La Mama Presents Pananadem
Philippino Act of Remembering Dramatized in Dance and Music
By: Susan Hall - Apr 01, 2020
La Mama Experimental Theatre Club
By Kinding Sinew
Conceived and Directed by Potri Ranka Manis
Choreographed by Potri Ranka Manis, Leonorah Dirampaten Grande & Faisal Monal
Music by Faisal Monal, Jallaludin Casnor, Lisa Parker, Yukio Tsuji, Nonilon Queano
Production Manager: Malaika Queano
Stage Manager: Anthony Marie
The New York Premiere of Kinding Sindaw Melayu Heritage's Pananadem (Remembering) took place on March 12, 2020 at 7pm at La MaMa's Ellen Stewart Theatre, 66 E. 4th Street (2nd Floor), NYC. The performance run was cut short due to COVID-19 but available as a live stream.
Full of color and a driving beat, this special Philippine dance group presents Pananadem. The term means “remembering” in the language of the Meranao people (Philippines). It is a way of looking back across time, to gain inspiration and perspective from one’s ancestors.
In this tale, a young group of refugees looking for new inspiration run into a group of tradition-bearers who recall the legends of Derangen, the Meranao epic.
The Darangen is an ancient epic song that encompasses a wealth of knowledge of the Maranao people who live in the Lake Lanao region of Mindanao. This southernmost island of the Philippine archipelago is the traditional homeland of the Maranao, one of the country's three main Muslim groups.
Comprising 17 cycles and a total of 72,000 lines, The Darangen celebrates episodes from Maranao history and the tribulations of mythical heroes. The epic explores the grand themes of life and death, courtship, love and politics. The Darangen also encodes customary law, standards of social and ethical behavior, notions of aesthetic beauty, and social values specific to the Maranao. To this day, elders refer to this time-honoured text in the administration of customary law.
Meaning literally “to narrate in song”, The Darangen existed before the Islamization of the Philippines in the fourteenth century and is part of a wider epic culture connected to early Sanskrit traditions extending through most of Mindanao. Though The Darangen has been largely transmitted orally, parts of the epic have been recorded in manuscripts using an ancient writing system based on the Arabic script. Specialized female and male performers sing The Darangen during wedding celebrations that typically last several nights. Performers must possess a prodigious memory, improvisational skills, poetic imagination, knowledge of customary law and genealogy, a flawless and elegant vocal technique, and the ability to engage an audience during long hours of performance. Music and dance sometimes accompany the chanting.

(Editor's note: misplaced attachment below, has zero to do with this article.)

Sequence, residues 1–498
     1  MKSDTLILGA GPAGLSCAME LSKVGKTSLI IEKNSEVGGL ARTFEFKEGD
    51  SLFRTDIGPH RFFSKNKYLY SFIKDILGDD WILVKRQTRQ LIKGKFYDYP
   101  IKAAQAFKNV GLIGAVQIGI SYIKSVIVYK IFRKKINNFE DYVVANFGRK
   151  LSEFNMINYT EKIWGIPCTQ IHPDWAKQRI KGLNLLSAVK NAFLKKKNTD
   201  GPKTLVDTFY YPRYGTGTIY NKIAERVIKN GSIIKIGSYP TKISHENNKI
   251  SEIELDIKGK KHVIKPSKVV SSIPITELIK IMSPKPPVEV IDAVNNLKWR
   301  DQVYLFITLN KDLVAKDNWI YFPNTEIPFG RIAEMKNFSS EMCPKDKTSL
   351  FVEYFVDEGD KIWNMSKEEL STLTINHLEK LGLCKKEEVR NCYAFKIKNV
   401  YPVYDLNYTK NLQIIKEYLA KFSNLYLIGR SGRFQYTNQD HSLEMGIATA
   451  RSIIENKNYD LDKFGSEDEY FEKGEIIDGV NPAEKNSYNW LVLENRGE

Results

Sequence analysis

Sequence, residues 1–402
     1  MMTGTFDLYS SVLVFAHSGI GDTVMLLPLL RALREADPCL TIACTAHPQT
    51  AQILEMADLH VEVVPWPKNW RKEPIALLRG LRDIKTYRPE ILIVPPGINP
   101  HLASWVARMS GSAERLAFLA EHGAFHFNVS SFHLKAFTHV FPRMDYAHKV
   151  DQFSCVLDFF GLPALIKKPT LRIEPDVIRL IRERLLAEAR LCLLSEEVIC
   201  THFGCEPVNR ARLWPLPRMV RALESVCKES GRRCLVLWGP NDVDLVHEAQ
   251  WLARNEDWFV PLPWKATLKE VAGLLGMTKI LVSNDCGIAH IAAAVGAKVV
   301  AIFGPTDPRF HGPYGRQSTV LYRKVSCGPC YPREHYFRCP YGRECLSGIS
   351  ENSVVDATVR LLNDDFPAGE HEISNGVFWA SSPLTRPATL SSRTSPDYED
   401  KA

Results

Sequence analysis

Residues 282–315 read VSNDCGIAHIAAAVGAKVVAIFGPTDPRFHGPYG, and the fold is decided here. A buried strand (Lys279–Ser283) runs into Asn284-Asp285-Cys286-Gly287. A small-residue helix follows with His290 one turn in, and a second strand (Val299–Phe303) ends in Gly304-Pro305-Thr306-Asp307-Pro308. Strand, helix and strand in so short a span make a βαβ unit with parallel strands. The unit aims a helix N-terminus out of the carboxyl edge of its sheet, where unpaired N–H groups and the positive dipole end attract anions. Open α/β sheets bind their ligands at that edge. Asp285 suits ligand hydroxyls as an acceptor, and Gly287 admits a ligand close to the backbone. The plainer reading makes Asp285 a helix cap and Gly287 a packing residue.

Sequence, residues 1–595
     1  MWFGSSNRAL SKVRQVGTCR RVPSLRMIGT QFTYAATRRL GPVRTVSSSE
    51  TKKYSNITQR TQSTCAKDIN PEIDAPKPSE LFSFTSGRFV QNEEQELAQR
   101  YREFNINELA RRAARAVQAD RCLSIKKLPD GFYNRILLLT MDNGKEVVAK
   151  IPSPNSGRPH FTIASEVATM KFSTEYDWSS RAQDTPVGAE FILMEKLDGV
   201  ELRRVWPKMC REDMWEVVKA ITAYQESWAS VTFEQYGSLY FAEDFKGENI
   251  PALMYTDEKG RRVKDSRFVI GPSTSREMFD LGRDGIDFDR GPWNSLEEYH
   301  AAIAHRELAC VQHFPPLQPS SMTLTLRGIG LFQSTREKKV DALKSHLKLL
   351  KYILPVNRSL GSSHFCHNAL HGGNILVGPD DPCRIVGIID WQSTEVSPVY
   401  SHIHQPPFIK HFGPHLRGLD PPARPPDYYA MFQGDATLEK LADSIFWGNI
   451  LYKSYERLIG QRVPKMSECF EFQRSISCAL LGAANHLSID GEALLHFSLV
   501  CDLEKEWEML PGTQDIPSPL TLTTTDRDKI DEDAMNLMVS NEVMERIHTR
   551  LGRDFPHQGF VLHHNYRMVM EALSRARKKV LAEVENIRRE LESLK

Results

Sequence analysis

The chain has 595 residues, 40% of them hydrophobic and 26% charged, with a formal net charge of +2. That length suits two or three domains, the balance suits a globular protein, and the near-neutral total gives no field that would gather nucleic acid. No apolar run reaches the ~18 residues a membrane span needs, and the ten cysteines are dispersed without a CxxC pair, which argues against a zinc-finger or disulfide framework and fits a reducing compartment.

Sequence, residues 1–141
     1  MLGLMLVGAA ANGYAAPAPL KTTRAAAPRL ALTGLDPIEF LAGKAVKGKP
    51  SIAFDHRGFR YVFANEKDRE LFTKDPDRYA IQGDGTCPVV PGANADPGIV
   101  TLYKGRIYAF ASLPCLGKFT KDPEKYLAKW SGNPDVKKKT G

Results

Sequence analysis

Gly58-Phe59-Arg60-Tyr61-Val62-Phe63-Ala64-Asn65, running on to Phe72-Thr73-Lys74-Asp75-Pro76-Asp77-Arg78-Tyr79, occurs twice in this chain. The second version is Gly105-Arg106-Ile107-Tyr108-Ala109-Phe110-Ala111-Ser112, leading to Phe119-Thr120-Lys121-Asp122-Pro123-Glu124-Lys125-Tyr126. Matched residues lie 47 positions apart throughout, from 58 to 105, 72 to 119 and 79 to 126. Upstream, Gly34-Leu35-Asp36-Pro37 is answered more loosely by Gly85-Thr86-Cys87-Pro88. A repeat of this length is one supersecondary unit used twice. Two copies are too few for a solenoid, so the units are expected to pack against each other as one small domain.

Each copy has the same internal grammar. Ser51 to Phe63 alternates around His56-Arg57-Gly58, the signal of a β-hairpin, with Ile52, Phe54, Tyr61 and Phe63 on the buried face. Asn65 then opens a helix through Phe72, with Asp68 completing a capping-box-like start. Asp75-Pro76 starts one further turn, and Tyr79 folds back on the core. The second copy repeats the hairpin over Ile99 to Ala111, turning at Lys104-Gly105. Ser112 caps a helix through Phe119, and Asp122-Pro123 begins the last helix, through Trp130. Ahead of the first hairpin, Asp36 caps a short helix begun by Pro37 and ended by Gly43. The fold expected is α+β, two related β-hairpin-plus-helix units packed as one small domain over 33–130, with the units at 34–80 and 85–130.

Potri Ranka Manis grew up around storytelling that is danced and chanted everyday. She learned orally transmitted folk traditions as she listened. Examples of these include the malong, tubular, handwoven apparel worn, with designs individually made according to the stories of the wearer or the weaver.
Musical pieces were played on the kulintang. Kulintang are made of 8 graduated gongs and are played together with other bigger gongs called agong and gandingan.The gandingan is the talking gong, used to send messages from one village to the next. They were central to the La Mama staging. Baton twirling, and an incessant drum are often accompanied by singing.
Nowadays, The Darangen is less frequently performed owing in part to its rich vocabulary and archaic linguistic forms, which can only be understood by practitioners, elders and scholars.
In Minanao, young people are adopting Filipino lifestyles. Productions like this one may be the only way to preserve what the United Nations has placed on the Representative List of the Intangible Cultural Heritage of Humanity.